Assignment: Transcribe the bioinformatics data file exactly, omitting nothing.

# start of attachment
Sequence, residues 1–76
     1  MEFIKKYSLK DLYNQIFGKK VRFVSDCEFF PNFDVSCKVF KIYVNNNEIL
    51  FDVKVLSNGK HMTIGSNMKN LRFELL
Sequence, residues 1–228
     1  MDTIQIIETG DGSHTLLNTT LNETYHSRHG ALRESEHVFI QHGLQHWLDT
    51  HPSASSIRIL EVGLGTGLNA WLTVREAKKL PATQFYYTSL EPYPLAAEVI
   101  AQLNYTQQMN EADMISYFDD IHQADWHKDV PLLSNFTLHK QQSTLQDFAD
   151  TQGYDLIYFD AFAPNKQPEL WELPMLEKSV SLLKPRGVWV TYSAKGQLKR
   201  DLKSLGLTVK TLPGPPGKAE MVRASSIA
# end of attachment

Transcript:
Sequence, residues 1–76
     1  MEFIKKYSLK DLYNQIFGKK VRFVSDCEFF PNFDVSCKVF KIYVNNNEIL
    51  FDVKVLSNGK HMTIGSNMKN LRFELL
Sequence, residues 1–228
     1  MDTIQIIETG DGSHTLLNTT LNETYHSRHG ALRESEHVFI QHGLQHWLDT
    51  HPSASSIRIL EVGLGTGLNA WLTVREAKKL PATQFYYTSL EPYPLAAEVI
   101  AQLNYTQQMN EADMISYFDD IHQADWHKDV PLLSNFTLHK QQSTLQDFAD
   151  TQGYDLIYFD AFAPNKQPEL WELPMLEKSV SLLKPRGVWV TYSAKGQLKR
   201  DLKSLGLTVK TLPGPPGKAE MVRASSIA